Despite rapid innovation in cancer diagnostics and treatment, the oral cancer survival rate has yet to improve. Even after 40 years, the average survival rate has not surpassed 50% — an alarming figure spotlighting the need for more impactful diagnostic and treatment interventions.1 Of those who survive the disease, a large percentage must live with significant pain and disfigurement as a result of invasive treatment.

Considering more than two-thirds of most oral cancers are diagnosed in later stages, what’s needed is an industry-wide transformation in the approach to oral cancer — one that shifts the focus to early detection.2

Roadblocks to early detection

While early diagnosis is well-understood to improve oral cancer outcomes, the healthcare industry faces long-standing barriers to the adoption of this approach.

Provider initiative. When symptoms first begin, namely in the form of a painless mucosal lesion, the standard response is to take note and send the patient home — otherwise known as the “wait-and-watch” approach. Over time, the lesion is evaluated for growth and/or bothersome symptoms. However, by the time the lesion is deemed malignant, the disease will have likely progressed to later stages.

Patient awareness. The average time to diagnosis for oral cancer is 104.9 days.1 This delay is largely attributable to patients waiting to seek medical intervention. In order for patients to recognize the need for medical intervention, they must first know how to differentiate between normal and abnormal symptoms. This has proved to be a challenge, as oral cancer often mimics the symptoms of dental or other unrelated health issues.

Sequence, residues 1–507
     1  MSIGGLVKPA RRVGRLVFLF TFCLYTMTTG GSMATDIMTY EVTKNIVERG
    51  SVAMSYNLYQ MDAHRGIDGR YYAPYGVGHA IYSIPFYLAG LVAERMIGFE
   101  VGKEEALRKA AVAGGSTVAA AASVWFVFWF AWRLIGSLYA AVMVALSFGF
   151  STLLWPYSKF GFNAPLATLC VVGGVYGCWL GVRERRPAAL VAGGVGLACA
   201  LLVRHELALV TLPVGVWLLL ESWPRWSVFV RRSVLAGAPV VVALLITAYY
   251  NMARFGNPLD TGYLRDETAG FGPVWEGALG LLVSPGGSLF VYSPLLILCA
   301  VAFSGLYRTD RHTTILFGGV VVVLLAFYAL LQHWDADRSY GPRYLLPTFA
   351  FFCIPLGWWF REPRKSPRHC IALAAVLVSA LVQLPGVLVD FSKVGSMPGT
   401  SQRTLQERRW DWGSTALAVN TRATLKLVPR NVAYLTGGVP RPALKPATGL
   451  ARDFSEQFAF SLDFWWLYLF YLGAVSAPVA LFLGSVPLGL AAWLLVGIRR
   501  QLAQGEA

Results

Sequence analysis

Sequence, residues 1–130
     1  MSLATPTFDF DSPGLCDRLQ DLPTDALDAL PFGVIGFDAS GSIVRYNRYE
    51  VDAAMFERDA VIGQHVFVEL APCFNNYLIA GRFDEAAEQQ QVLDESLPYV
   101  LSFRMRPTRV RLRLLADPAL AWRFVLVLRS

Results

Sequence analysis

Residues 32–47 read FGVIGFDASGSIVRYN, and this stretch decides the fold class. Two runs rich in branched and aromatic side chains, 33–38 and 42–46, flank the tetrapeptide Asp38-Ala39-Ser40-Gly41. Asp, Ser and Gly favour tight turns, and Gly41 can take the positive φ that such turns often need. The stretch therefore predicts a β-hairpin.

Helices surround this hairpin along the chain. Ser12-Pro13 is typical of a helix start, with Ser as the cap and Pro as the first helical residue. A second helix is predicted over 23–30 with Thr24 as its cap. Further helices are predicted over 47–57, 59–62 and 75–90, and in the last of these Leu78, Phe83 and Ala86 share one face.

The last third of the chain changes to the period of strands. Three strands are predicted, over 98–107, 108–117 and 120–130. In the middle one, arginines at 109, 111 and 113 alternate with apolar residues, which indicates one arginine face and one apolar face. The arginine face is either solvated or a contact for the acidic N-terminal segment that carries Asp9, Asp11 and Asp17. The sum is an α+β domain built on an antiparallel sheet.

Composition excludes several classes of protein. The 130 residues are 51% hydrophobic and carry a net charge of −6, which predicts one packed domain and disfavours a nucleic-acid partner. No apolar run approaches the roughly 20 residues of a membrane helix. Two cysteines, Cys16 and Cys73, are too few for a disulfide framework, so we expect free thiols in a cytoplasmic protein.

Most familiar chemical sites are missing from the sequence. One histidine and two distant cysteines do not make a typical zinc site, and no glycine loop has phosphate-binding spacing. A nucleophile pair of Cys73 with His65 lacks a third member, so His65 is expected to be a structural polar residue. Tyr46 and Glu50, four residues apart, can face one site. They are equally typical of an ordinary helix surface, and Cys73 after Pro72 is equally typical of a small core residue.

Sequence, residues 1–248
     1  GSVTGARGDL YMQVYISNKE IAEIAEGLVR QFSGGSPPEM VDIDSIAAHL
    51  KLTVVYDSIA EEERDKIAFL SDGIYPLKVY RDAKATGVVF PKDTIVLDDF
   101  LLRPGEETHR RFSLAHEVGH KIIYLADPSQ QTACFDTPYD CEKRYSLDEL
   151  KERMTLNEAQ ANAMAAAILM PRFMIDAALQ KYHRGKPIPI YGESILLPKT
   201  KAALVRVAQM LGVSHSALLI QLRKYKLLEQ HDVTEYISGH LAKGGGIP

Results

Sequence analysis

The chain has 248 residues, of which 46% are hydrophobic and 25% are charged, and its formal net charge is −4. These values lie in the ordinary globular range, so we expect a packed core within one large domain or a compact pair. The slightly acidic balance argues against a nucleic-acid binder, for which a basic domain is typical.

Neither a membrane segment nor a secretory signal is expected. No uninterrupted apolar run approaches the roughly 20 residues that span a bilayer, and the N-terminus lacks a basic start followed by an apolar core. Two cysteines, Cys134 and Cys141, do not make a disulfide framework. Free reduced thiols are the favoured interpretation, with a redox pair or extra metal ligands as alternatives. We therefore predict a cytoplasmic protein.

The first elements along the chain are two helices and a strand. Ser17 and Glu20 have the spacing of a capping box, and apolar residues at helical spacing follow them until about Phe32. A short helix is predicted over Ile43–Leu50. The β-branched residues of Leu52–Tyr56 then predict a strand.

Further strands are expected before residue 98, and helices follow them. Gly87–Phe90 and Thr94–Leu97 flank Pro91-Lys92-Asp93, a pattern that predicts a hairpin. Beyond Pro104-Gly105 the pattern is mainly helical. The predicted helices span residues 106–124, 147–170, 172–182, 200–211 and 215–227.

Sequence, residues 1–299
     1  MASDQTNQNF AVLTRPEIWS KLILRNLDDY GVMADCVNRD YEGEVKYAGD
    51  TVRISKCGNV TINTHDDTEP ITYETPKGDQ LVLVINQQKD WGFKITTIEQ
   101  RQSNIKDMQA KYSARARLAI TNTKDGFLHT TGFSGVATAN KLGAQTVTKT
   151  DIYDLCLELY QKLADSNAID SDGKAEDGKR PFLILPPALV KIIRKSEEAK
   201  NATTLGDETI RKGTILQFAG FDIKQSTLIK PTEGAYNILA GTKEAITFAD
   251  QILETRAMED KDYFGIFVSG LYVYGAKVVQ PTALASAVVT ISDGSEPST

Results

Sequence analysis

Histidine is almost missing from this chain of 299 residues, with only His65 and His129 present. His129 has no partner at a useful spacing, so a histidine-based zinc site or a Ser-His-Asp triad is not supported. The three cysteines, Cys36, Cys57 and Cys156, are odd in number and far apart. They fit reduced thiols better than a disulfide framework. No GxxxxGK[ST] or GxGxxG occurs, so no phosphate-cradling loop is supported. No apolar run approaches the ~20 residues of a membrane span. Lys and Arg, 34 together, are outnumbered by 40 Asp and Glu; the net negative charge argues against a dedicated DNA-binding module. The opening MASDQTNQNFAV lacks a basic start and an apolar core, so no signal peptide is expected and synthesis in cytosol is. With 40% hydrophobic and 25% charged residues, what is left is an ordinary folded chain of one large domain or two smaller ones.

Clinical challenges. In addition to a lack of patient education and clinical oversight, oral cancer detection is further complicated by the subtlety of symptoms in early stages. Even with a close watch over the oral cavity, it can be difficult for providers to discern if regular tissue changes are normal or malignant. The traditional response is to wait for clear warning signs, but this approach ultimately delays time to diagnosis and life-saving treatment.

Changing the narrative

Moving towards early detection is a complicated, yet critical shift requiring a concerted effort from providers and patients alike. Perhaps the most strategic point of intervention is during routine dental check-ups, when providers have the opportunity to regularly assess oral health and educate patients about the early signs of oral cancer. To aid frontline clinicians in these efforts, Vigilant Biosciences®® is engineering new solutions that accurately determine oral cancer risk for faster and more effective interventions.

Learn more about how Vigilant Biosciences® is helping providers accelerate oral cancer detection to improve patient outcomes around the world.


1. González-Moles, M.Á., Aguilar-Ruiz, M., & Ramos-García, P. (2022). Challenges in the Early Diagnosis of Oral Cancer, Evidence Gaps and Strategies for Improvement: A Scoping Review of Systematic Reviews. Cancers, 14(19), 4967.
2. Oral and Oropharyngeal Cancer: Statistics. (October 2022). Cancer.Net.